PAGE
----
Transformative Learning Through Supportive Relationships
A key dimension of the IHP experience was the uniqueness of the program as an educational experience. Critically, all participants described the importance of the relationships they enjoyed with fellow classmates, professional staff and academic staff throughout the program and beyond.

The staff were critical to fostering the supportive learning environment. The staff created a safe learning environment that meant students did not need to expend energy battling rigid and inflexible learning spaces.  The isolation of the Herston campus was also seen to be an advantage, giving students time to develop strong relationships with their cohorts as part of a more intimate hospital campus.

Transformative Learning Through Innovating Indigenous Health
Participants attributed the transformative work of IHP to the innovative approach it took in regard to Indigenous health, and the skills, attributes and understandings it sought to inculcate in students. It utilised an Indigenous health pedagogy that relied upon input from Indigenous community stakeholders in the design of the degree.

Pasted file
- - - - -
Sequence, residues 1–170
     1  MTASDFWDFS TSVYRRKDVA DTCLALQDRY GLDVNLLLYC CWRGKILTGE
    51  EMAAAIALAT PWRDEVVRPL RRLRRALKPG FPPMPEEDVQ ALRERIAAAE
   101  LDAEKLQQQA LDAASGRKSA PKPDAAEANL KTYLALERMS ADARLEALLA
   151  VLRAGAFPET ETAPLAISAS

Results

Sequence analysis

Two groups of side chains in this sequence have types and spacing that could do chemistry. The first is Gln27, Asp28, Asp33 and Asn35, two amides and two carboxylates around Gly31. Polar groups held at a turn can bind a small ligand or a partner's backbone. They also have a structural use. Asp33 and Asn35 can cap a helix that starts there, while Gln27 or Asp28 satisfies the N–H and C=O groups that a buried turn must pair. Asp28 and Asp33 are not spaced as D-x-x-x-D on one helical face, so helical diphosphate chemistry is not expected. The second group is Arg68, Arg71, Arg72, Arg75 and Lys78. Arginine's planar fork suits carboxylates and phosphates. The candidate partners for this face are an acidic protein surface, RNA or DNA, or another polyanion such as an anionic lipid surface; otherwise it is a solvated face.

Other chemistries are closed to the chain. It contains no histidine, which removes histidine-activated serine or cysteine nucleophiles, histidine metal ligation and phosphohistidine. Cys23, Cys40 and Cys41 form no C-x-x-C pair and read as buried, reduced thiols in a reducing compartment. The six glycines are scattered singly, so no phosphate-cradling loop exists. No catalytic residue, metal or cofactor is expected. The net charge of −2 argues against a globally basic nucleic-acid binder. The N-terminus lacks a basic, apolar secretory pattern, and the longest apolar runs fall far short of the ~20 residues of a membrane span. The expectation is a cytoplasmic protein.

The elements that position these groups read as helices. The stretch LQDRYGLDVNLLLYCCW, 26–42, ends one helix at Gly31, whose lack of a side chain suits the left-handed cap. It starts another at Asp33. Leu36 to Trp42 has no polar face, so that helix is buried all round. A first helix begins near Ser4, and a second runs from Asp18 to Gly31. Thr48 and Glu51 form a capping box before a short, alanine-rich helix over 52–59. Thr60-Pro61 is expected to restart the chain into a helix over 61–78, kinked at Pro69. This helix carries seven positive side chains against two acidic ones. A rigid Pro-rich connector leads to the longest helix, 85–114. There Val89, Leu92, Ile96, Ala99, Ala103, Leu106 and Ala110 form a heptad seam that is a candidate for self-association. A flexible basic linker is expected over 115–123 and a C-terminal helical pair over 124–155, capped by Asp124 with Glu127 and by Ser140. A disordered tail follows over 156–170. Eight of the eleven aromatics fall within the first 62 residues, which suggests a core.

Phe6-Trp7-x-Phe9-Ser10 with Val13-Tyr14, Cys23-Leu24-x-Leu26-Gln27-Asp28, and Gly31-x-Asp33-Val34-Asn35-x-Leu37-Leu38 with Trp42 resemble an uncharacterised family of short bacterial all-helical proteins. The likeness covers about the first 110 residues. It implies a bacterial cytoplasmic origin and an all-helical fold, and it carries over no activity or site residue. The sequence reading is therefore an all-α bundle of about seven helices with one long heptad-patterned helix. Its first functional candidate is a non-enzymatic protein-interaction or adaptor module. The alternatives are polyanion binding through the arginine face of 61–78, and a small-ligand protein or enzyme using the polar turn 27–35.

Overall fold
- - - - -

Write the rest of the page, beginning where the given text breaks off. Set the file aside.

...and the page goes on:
The IHP was an active research centre where students acquired foundational research skills and experience in communities. The role of Problem Based Learning (PBL) impacted participants and may reflected how this learning approach became a skill for life. It allowed for a two-way learning environment where students were able to teach the educators by drawing upon their prior knowledge. For educators, they spoke of how their teaching and knowledges were enriched as a result of working with the IHP students.

A Different Kind of Health Professional in a not so different Health System